Settlement of an insurance claim requires the agreement of both the insurer and policyholder on the measure of recovery as agreed upon within the contract of insurance. Typically insurance policies insure the actual cash value (ACV) of the item on which coverage has been provided. Policy wordings do not, in the normal course of construction, articulate a definition of ACV.
Policies can provide replacement cost endorsements, as well as guaranteed replacement cost and stated value agreements. These are normally defined. Notwithstanding these other terms of settlement clauses, in the vast majority of policies issued by insurers, the ACV is the usual terms of settlement. At least in the interim stage of the claims process, if not the final stage.
To achieve ACV settlement, the adjuster must be aware of exactly what is meant by actual cash value. In some cases it can mean the cost to the policyholder to replace the item with exactly that which was lost. This must take into consideration age, condition, size, and all other measurable dynamics that the item in question is gauged by when a person initially purchases the item. Take, for example, a vehicle. If the policyholder lost a 2004 Ford F150 4×4 long box, with a 5.0 litre engine, complete with box liner, leather seats, with 75,000 km on the odometer and in good condition. Then the cost to purchase the exact same vehicle FOB the policyholder’s location would be perfect indemnity.
To achieve this perfect indemnity would, of course, require finding this exact vehicle described above, available for sale within reasonable proximity to the policyholder’s domicile. The price to purchase this vehicle would be considered the ACV. As we all know, this fictitious vehicle rarely exists. We can always find a 2004 Ford F150 for sale, but need to add or subtract options to arrive at what we believe is a reasonable comparable valuation of ACV. Further, the asking (published) price by the vendor is not necessarily the final price open for acceptance. So assessment of ACV is nebulous.
In property losses, the valuation process is more problematic. After the total loss of a structure, assessment of the ACV needs a more pragmatic approach. Buildings are so different that finding comparable structures for sale in the area of the insured structure is highly unlikely. Plus, the sale of structures is almost always tied to the value of the underlying land. Thus, the adjuster must utilize some other methodology in valuation of the building’s ACV. In most cases, replacement cost less reasonable deduction for depreciation based on age and condition is utilized.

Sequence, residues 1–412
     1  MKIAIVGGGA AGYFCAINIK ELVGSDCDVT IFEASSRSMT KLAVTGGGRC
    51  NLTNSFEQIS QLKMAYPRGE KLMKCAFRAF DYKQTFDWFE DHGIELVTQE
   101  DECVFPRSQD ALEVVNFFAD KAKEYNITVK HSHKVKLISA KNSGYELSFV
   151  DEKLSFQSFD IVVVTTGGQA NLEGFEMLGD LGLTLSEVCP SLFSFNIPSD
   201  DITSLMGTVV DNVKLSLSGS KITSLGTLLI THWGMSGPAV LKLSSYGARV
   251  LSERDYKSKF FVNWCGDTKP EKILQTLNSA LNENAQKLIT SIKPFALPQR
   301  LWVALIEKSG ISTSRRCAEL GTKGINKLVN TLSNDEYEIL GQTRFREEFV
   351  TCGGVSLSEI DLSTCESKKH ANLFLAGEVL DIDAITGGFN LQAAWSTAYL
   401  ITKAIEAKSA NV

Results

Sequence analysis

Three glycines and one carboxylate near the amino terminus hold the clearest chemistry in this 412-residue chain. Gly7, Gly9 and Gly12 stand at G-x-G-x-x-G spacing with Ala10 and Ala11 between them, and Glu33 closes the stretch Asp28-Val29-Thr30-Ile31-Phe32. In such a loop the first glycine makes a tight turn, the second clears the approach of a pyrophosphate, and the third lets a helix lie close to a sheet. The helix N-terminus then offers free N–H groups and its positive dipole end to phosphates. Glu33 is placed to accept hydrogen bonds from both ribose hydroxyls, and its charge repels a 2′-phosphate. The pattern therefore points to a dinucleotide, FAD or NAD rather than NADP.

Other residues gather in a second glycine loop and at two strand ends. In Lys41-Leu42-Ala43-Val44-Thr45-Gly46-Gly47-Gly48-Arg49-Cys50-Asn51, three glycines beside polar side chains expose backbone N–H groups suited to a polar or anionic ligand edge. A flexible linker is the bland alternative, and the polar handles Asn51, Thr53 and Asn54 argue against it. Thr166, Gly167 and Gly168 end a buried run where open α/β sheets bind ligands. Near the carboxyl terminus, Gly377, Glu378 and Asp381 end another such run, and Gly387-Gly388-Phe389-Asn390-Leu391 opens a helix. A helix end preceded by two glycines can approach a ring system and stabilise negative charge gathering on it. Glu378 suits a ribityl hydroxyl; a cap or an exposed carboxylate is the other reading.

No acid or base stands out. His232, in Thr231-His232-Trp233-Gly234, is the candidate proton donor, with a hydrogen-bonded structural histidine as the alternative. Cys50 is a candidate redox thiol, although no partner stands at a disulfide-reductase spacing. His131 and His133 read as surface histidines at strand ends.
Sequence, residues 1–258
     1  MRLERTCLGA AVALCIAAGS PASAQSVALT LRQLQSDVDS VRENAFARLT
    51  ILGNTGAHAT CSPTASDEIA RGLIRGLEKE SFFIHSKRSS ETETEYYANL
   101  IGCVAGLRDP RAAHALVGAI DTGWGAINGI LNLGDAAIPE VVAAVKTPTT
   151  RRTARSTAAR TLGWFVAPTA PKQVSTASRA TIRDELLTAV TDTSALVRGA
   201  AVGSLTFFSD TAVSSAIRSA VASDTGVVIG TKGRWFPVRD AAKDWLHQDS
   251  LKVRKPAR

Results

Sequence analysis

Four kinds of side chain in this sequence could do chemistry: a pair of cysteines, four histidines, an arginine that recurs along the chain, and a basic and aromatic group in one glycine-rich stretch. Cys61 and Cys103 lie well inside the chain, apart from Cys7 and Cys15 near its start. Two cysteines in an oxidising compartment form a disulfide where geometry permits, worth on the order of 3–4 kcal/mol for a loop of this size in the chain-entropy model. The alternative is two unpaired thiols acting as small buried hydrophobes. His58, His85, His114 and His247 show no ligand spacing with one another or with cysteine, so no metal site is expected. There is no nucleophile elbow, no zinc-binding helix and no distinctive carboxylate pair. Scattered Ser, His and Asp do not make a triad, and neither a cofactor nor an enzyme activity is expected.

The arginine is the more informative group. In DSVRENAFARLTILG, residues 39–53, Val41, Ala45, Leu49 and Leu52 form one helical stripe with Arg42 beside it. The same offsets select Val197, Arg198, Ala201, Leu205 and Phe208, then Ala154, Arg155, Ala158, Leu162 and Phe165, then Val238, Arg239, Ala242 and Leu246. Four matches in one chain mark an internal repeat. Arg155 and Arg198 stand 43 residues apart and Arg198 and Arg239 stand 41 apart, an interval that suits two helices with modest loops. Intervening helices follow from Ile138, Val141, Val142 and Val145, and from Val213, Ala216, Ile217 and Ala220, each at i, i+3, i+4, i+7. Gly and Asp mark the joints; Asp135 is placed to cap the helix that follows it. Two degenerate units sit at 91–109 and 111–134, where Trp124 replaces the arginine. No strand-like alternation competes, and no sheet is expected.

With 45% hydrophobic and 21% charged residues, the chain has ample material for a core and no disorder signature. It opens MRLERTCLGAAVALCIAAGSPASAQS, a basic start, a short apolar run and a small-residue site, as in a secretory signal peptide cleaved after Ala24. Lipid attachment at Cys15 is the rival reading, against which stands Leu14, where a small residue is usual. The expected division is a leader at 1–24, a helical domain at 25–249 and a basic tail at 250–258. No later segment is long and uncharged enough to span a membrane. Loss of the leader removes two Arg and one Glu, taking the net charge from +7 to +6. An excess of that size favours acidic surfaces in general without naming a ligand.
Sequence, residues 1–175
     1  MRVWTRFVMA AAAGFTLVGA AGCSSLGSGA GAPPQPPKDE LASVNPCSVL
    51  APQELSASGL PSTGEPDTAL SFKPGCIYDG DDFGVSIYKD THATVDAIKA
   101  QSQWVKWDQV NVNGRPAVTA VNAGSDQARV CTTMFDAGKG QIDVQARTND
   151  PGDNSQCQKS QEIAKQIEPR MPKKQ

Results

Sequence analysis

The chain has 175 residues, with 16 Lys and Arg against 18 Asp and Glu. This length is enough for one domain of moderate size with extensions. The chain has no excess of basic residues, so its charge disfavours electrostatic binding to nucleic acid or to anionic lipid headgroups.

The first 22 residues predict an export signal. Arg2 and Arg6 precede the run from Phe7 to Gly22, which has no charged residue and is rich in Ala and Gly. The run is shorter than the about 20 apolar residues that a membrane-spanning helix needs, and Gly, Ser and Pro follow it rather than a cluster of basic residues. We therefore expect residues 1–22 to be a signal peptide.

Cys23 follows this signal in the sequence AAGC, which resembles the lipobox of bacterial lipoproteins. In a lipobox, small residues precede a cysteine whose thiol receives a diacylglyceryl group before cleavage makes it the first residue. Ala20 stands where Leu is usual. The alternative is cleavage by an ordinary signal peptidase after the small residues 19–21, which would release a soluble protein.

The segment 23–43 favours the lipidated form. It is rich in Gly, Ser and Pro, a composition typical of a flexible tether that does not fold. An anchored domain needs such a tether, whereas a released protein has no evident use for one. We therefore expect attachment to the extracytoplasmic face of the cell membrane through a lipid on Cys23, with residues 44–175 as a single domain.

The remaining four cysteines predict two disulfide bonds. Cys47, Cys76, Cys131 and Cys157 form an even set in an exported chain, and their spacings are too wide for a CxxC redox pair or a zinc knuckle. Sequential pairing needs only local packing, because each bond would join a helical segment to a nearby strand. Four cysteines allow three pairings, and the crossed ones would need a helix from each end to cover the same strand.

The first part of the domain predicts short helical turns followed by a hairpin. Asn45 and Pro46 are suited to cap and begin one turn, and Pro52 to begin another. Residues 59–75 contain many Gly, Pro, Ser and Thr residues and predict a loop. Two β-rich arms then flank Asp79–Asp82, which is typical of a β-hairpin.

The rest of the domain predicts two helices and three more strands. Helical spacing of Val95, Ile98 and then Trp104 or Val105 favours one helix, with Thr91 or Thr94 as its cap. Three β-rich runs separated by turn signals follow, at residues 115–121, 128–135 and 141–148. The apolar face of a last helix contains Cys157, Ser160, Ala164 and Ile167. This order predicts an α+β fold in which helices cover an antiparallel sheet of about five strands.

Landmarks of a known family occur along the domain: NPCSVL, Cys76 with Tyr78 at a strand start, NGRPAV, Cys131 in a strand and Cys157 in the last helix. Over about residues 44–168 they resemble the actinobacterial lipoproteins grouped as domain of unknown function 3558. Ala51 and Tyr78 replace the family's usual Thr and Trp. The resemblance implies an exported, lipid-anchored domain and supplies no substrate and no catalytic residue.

Respecting ACV, on review of jurisprudence by Canadian courts, recent cases reported includes Ollerhead v. Ecclesiastical Insurance1 heard in the Supreme Court of Newfoundland and Labrador. This judgement, given Aug. 31, 2005, restated the principals of interpretation of insurance contracts as laid out by the Supreme Court of Canada. The courts take the position that in interpreting an insurance contract, the rules of construction relating to contracts are applied as follows:
The court must search for an interpretation from the whole of the contract, which promotes the true intent of the parties at the time of entry into the contract.
Where words are capable of two or more meanings, the meaning that is more reasonable in promoting the intention of the parties will be selected.
Ambiguities will be construed against the insurer
An interpretation, which will result in either a windfall to the insurer or an unanticipated recovery to the insured, is to be avoided.
From current jurisprudence, it is the court’s position that it would depend on the intention of the parties at the time of the execution of the insurance contract to ascertain what the intent of actual cash value is.
The adjuster should, when necessary, enquire to the broker who sold the policy of insurance as to what their understanding of ACV is. This can be critical especially if the issue of ACV is headed to litigation or the appraisal process. Most brokers I have discussed ACV with, tend to articulate it to be replacement cost plus or minus appreciation or depreciation.